For many banks, it isn't enough to sell mutual funds and annuities. They also offer stocks and bonds.

Life Savings Bank, Norfolk, Va., believes the banking industry will be selling more and more direct securities as its investment product programs mature.

"Last year mutual funds took off," said Harry Bybee, president of the thrift's Life Financial Services Corp. "As the markets fluctuate it's important to have services to meet those needs.

According to the survey by American Brokerage Consultants, some 47% of institutions active in investment products have opted to offer discount brokerage in addition to mutual funds and annuities. Among players with more than $1 billion of assets, more than 55% have chosen this three-pronged strategy.

By contrast, just 10.3% of all institutions selling investments offer only mutual funds.

At Life Financial, direct securities currently make up just 5% to 10% of all investment product sales. But the company sees securities as an important part of establishing itself as a broad-based provider of investments, Mr. Bybee said.

There are, however, some clear risks in banks pushing stocks and bonds. Since these investments inherently lack the diversification of mutual funds, customers can et burned, hurting the reputation of the bank.

As a result, many banks offering securities brokerage say they refrain from actively promoting the service.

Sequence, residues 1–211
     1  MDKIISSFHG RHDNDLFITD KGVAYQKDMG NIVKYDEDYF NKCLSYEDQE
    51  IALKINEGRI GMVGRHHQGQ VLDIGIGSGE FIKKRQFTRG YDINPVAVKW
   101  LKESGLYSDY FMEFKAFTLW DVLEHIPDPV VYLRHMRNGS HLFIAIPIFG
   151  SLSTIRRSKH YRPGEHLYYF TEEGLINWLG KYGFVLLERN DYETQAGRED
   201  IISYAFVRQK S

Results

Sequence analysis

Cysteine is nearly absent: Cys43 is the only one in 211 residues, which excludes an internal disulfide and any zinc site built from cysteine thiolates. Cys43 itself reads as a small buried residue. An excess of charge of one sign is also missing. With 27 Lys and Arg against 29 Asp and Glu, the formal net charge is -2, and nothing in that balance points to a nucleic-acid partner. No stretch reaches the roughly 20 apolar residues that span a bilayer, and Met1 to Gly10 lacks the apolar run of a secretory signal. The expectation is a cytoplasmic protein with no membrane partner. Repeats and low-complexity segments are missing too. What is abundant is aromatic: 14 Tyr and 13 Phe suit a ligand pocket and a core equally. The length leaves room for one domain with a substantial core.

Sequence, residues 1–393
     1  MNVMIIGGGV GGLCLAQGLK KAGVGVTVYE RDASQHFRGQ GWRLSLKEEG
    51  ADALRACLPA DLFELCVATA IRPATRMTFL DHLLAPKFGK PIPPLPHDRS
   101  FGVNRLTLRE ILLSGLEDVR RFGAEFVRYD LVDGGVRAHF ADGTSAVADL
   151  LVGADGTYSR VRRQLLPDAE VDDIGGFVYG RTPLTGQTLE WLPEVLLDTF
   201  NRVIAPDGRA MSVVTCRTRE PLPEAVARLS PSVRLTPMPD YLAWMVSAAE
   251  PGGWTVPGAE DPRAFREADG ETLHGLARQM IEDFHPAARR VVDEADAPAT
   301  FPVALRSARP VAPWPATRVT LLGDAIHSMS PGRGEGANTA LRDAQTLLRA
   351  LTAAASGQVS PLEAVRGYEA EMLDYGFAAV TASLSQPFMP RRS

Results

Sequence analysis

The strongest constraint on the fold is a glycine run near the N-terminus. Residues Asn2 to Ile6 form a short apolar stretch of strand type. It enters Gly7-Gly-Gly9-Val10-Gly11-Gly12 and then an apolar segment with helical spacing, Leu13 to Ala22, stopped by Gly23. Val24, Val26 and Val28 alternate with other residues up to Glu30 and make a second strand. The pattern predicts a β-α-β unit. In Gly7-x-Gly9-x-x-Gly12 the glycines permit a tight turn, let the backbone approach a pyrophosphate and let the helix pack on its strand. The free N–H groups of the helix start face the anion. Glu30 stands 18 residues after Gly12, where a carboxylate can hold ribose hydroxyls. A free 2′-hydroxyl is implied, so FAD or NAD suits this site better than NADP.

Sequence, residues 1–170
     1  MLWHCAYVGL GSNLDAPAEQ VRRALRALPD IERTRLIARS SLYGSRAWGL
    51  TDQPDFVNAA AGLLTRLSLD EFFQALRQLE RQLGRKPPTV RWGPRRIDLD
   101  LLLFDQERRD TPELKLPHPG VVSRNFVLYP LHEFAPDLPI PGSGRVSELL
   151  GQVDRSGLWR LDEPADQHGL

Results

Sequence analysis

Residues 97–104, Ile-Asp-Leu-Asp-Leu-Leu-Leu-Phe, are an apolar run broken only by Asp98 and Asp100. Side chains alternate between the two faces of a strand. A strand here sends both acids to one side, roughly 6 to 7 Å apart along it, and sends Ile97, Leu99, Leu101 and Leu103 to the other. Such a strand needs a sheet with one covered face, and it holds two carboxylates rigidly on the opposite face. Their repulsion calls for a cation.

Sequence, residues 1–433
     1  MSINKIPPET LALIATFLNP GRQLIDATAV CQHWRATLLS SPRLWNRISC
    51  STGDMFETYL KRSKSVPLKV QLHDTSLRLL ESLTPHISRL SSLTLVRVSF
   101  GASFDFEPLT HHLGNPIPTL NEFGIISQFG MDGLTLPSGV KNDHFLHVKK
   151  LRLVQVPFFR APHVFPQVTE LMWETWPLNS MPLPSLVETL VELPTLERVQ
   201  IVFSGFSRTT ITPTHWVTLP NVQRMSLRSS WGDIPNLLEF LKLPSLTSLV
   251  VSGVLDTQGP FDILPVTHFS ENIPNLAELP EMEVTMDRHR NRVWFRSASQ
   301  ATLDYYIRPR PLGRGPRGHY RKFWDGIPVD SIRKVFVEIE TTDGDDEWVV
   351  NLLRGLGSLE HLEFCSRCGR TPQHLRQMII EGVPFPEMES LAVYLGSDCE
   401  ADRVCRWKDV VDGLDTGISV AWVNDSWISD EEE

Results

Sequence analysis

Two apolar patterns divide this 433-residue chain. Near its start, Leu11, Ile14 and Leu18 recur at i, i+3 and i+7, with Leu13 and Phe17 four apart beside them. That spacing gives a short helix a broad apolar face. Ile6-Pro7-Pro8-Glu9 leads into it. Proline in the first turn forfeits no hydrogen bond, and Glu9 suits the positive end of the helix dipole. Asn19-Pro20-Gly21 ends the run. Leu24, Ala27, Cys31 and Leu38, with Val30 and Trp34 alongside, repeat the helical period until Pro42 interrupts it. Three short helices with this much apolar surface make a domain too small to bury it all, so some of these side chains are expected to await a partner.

Instead, they offer it mainly as an accommodation to customers. For example, Mechanics & Farmers Bank, Durham, N.C., says most of the securities transactions that it handled last year involved sales of securities purchased elsewhere.

"We try to limit our exposure to potential bad publicity," said Lee Johnson, senior vice president and chief financial officer.

Some bankers offering direct securities doubt that the service will ever amount to much.

While Cohoes Savings Bank in Cohoes, N.Y., offers direct securities, its head of retail banking, Michael R. Novak, says the conservative nature of most bank customers will keep the business small.

In Cohoes. Savings' case, a majority of the customers have small nest eggs between $20,000 and $40,000, he said. That doesn't make them candidates for heavy direct securities activities.

Michael McConville, head of investment services at Urban National Bank in Franklin Lakes. N.J.. is looking at the bank investment world as he prepares for a new investment product program to be unveiled in a few months. And he, too, has reservations about direct securities.

"It's very hard to make money at," he said. "You can't just jump into the securities business, throw your doors open, and say we're here."

Still, many banks seem to think the effort is at least worth a try. According to the survey, the strategy is popular even among banks in the smallest size group - assets of $50 million to $250 million. Anion, such banks active in investment products. nearly 46% offer discount brokerage in addition to mutual funds and annuities.

The strategy is widely used in most parts of the country, though it is somewhat less prevalent in the Northeast. There, 37.2% of institutions selling investments offer all three services, versus a high of 51.4% in the Mountain region, the survey found.

Institutions in the Northeast are more likely than others to offer only mutual funds. In fact, nearly 15% of the Northeast's institutions active in investments offer only funds.

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